During pandemic, Trump eyes more tax breaks for the wealthy

The future of the next economic aid package is murky, but the differences between the parties have never been clearer.
Twenty Dollar Bills Are Printed At The Bureau of Engraving and Printing
WASHINGTON, DC - JULY 22: Treasury Secretary's Timothy Geithner's signature can be seen on a new twenty dollar bill, at the Bureau of Engraving and Printing on July 22, 2011 in Washington, DC. The printing facility of Bureau of Engraving and Printing on 14th Street in Washington was until 1991 the only facility printing Federal Reserve notes until a western facility was opened in Fort Worth, Texas.Mark Wilson / Getty Images
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By Steve Benen

As expected, House Democrats are moving forward with plans for a new economic aid package, which will be roughly the same size as the CARES Act that passed in March. The Washington Post reported that the Dems' blueprint would include "around a $1 trillion commitment for states, cities and municipalities," with additional funds eyed for "housing, social services, law enforcement, tribal government needs, food security, the Postal Service, rural broadband, rent and mortgage relief, as well as veterans issues."

Republicans, meanwhile, have also made their priorities clear, and it's fair to say the GOP wish list is ... different.

On Capitol Hill, Republican leaders have insisted that private sector liability protections are paramount, with Senate Majority Leader Mitch McConnell (R-Ky.) describing this as "absolutely essential" and the party's "red line." As GOP lawmakers see it, some businesses are forcing Americans back to work, despite the risks, and Republicans want to leave those workers with limited legal options if their employers' decisions cause illness, injury, or death.

Other Republicans have prioritized blocking an extension of enhanced unemployment benefits. Sen. Lindsey Graham (R-S.C.), for example, assured business leaders last week that current benefits would continue "over our dead bodies."

Given the number of American fatalities during the pandemic, perhaps the Senate Judiciary Committee chairman could've chosen a different phrase.

And then there's Donald Trump, who published a tweet with his wish list yesterday.

"Well run States should not be bailing out poorly run States, using CoronaVirus as the excuse! The elimination of Sanctuary Cities, Payroll Taxes, and perhaps Capital Gains Taxes, must be put on the table. Also lawsuit indemnification & business deductions for restaurants & ent."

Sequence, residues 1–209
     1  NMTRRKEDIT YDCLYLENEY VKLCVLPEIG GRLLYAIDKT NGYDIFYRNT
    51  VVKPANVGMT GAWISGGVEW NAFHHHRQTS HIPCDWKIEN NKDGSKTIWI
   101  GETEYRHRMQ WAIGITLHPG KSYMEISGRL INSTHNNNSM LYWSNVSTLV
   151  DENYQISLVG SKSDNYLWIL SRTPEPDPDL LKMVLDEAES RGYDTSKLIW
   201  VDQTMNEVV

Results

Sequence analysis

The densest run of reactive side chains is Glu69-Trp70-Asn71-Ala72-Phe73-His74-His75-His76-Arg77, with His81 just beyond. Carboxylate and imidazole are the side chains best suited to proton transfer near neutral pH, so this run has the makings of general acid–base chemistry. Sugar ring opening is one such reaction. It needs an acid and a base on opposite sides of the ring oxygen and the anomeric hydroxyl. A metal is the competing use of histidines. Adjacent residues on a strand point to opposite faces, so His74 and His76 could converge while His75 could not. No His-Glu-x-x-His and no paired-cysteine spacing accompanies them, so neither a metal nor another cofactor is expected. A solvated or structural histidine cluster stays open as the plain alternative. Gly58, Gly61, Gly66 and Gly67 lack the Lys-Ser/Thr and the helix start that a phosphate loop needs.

This came just a couple of days after the president declared, in reference to the next economic aid package, "We're not doing anything unless we get a payroll tax cut."

Unpacking a confused president's posturing can be a little tricky, but let's focus on a few key points that are worth keeping in mind as the process moves forward.

First, Trump continues to have no idea what he's talking about when it comes to state finances, an issue that divides Republicans and unites Democrats.

Second, the president's call for a payroll tax break doesn't really make any sense given the economic circumstances, and even the White House's congressional allies have no intention of passing such a measure. (Note, Trump pushed the same idea in March, and it flopped then, too.)

And third, it's amazing to me that Trump's wish list included "perhaps Capital Gains Taxes" and "business deductions for restaurants & ent." What he's referring to are proposed tax cuts for wealthy investors and executives who "discuss business" while eating out.

What do measures like these have to do with a pandemic and an economy facing conditions unlikely any since the Great Depression? Not a whole lot, but the Republican president wants to see them "on the table."

The future of the next economic aid package is murky, but the differences between the parties have never been clearer.